Mr. Lash was diagnosed with MS at the age of 42 in 1969 though, as with many people with MS, he had symptoms long before that. Now in his seventies Mr. Lash (sometimes called “the Mr. Rogers of MS”) is a very active volunteer in his local chapter of the NMSS. His book is both an autobiography of his illness and, more significantly, a compendium of his knowledge and experience in coping with MS. As stated in the book’s introduction, Mr. Lash does not write much about drugs or medication. He leaves that to medical professionals. He writes, instead, about living day to day, one day at a time, and successfully, with MS.
Many people write books claiming to have conquered their diseases with one particular regimen or other which they suggest you use if you wish to conquer your disease. But Mr. Lash takes a refreshingly different approach. He tells you what he did- what worked for him. And then he suggests you experiment ’til you find what works for you.
The specific suggestions he does make are all very practical, and sensible: eat a balanced diet, get plenty of rest, enjoy recreational activities, modulate stress, find some way of reaching out in fellowship. He writes in a simple confiding way. I imagined myself sitting on a porch somewhere listening to Mr. Lash talk about MS, himself, all the options for health he’s found.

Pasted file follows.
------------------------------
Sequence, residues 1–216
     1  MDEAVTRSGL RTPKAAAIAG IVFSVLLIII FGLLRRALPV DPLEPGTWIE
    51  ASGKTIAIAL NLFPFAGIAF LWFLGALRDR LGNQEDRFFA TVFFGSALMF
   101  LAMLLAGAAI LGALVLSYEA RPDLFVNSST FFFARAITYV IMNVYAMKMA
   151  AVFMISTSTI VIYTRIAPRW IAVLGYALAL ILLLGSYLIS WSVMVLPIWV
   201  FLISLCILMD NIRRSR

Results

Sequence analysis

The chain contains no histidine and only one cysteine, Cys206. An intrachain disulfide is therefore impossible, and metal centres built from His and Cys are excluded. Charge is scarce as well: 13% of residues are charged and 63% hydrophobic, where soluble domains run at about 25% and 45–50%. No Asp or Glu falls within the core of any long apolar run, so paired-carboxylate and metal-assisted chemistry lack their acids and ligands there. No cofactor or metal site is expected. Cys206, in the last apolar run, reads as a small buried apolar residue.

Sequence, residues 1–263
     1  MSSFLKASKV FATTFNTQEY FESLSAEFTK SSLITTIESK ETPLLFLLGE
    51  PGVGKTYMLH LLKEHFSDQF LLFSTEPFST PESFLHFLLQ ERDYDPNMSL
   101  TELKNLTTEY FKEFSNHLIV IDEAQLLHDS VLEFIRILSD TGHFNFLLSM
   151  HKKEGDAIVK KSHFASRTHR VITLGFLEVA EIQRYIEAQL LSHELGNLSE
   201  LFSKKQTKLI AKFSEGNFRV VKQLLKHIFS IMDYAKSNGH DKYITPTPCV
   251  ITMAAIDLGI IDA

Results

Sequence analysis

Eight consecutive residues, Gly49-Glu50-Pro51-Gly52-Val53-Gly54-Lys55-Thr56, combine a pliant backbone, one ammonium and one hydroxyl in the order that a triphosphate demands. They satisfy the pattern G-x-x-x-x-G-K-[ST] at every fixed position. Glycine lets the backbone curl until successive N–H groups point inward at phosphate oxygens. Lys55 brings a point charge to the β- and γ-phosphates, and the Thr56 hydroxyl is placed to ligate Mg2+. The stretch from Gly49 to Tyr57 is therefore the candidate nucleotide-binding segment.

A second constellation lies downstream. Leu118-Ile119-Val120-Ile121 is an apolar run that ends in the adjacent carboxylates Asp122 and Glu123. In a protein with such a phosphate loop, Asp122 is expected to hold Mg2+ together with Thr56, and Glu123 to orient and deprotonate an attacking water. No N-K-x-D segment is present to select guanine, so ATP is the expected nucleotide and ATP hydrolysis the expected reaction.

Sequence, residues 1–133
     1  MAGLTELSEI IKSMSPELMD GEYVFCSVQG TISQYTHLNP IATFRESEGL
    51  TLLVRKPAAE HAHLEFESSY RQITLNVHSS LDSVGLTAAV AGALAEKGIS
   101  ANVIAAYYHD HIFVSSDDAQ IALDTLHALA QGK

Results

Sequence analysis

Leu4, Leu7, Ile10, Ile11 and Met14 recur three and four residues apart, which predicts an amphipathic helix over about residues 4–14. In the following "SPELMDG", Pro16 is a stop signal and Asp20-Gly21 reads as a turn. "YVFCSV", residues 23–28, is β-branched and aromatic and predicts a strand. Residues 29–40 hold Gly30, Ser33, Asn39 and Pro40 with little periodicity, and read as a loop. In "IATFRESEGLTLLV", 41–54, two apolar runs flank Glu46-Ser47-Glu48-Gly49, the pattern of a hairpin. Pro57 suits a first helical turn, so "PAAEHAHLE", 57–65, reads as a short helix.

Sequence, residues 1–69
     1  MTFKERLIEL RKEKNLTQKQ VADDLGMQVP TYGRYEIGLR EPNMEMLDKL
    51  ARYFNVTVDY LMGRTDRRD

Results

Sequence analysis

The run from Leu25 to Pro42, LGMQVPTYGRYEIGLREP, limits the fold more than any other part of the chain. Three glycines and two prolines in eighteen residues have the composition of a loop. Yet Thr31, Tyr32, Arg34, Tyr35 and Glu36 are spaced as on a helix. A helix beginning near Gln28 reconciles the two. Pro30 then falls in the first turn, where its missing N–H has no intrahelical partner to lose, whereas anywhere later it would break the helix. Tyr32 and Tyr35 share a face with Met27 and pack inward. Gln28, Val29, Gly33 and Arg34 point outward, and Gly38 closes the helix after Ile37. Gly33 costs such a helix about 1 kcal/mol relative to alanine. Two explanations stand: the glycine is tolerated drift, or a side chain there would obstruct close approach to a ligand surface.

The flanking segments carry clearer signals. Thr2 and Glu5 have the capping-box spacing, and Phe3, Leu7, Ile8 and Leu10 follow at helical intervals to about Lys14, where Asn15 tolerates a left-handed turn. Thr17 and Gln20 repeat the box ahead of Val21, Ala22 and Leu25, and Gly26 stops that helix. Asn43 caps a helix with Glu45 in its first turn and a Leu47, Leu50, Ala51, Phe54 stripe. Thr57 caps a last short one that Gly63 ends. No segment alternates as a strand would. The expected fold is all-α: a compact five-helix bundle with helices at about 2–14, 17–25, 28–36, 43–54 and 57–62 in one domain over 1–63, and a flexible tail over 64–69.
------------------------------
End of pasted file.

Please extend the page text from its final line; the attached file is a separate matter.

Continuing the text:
“Paying attention” is what most of Mr. Lash’s book is about. He asks us to pay attention to ourselves in wholesome ways. He suggests we learn to listen to our bodies and respond to what we learn in ways that bring us closer to health. He acknowledges that each of us has his own health- not Mr. Lash’s health or some idealized medical standard. As with all really useful pathways for successful living, the most difficult aspect of Mr. Lash’s philosophy is that it requires significant change from within. One can usually follow any behavioral suggestion, but until one learns to listen to and trust one’s own inner voice (the one that says, for example, “don’t eat that, eat this instead.”) it’s tough to find one’s own healthful way of life. And once you find what’s healthiest for you, it’s tough to continually pay attention to that inner voice in the face of external pressure from family, friends, others with MS, and medical personnel, any of whom may want to tell you just how to live with your disease. But it can be done and, for the sake of your life, it may be well worth doing.
Mr. Lash offers a very gentle, down-to-earth book of suggestions for getting in touch with and following the promptings of your “healer within.” He opens a door that, if you are willing to pay attention, can start you on a journey toward a more healthy life with MS.
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The book review represents the opinions of the writer only. You may have a different opinion when you read this book. Information shared here is not for the diagnosis or treatment of any medical condition. For specific information and advice consult your personal physician.